However, Denis Pushilin, head of unrecognized in the world DPR played down this perspective in comments reported by Russian media last a week.
“The first of everything, I must be guided by the court decision It was made,” he said.
“Through nature of those articles, those offenses that they committed, I do not see the grounds and prerequisites for me to forgive them.
“They came to Ukraine to kill civilians for money. That’s why I don’t see any conditions for any softening or modification of sentence.”
He added the court “delivered a completely just punishment” to three fighters.
The British were legal combatants serving with armed forces of Ukraine and has every right protection for prisoners of war under the Geneva Convention, as previously insisted on by British ministers.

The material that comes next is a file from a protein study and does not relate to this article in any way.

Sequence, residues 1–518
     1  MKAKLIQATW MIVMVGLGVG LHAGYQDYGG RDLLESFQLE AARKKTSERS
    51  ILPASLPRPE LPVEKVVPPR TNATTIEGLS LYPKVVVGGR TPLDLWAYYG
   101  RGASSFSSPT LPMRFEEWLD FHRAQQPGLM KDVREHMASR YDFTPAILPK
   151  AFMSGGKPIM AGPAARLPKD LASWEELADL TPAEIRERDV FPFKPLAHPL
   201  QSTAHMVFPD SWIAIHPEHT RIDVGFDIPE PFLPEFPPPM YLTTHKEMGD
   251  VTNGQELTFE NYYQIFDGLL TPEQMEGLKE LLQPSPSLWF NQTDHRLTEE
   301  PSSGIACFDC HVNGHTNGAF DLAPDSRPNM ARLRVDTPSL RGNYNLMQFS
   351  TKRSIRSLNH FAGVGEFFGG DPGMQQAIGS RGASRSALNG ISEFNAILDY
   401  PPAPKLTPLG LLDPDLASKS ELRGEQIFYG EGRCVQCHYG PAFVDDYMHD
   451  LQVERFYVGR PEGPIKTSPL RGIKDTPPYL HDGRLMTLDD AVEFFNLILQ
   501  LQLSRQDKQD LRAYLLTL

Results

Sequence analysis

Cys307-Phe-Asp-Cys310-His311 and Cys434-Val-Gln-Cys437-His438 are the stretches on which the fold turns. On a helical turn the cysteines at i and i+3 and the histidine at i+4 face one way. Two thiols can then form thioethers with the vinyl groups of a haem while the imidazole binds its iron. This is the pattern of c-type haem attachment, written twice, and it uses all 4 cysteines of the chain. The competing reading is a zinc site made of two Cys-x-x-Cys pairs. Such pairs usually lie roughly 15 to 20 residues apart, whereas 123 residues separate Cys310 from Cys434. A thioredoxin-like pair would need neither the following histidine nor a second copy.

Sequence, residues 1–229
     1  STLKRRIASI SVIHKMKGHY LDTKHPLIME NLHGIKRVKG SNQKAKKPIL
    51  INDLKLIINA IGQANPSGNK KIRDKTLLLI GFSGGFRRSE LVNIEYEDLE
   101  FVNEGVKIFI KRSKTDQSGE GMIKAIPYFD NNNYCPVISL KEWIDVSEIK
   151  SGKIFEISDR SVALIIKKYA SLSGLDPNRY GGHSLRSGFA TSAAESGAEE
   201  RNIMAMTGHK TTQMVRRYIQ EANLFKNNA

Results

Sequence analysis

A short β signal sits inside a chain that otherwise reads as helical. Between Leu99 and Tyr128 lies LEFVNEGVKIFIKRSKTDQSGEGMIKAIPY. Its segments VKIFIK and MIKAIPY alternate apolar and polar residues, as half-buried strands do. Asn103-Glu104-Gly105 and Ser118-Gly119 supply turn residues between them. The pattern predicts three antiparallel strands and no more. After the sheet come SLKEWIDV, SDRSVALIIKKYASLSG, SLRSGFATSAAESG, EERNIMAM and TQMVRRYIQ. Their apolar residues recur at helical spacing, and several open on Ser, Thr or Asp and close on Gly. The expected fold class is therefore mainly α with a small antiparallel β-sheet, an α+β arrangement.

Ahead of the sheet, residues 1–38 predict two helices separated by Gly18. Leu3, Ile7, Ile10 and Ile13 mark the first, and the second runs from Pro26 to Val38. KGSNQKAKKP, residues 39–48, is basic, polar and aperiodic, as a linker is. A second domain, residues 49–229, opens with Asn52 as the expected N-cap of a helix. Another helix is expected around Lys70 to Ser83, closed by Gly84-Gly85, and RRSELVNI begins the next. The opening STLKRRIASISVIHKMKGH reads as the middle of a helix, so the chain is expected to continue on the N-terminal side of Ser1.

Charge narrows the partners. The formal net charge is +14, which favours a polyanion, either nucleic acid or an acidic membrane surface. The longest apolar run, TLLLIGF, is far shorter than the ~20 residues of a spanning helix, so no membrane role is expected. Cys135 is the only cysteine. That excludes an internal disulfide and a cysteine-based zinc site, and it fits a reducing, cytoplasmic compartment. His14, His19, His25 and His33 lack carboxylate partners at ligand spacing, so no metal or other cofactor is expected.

Liz Truss, foreign secretary, said she discussed the case with her Ukrainian counterpart Dmitry Kulebo earlier this month.
Mr Aslin, 28 former Newark care worker and Mr. Pinner, 48 former british soldier with Royal English Regiment. They both moved to Ukraine. in 2018 and signed military contracts with Ukrainian army.
family of Brahim Saadoun said he had signed up as a contractor in Ukrainian army in 2021.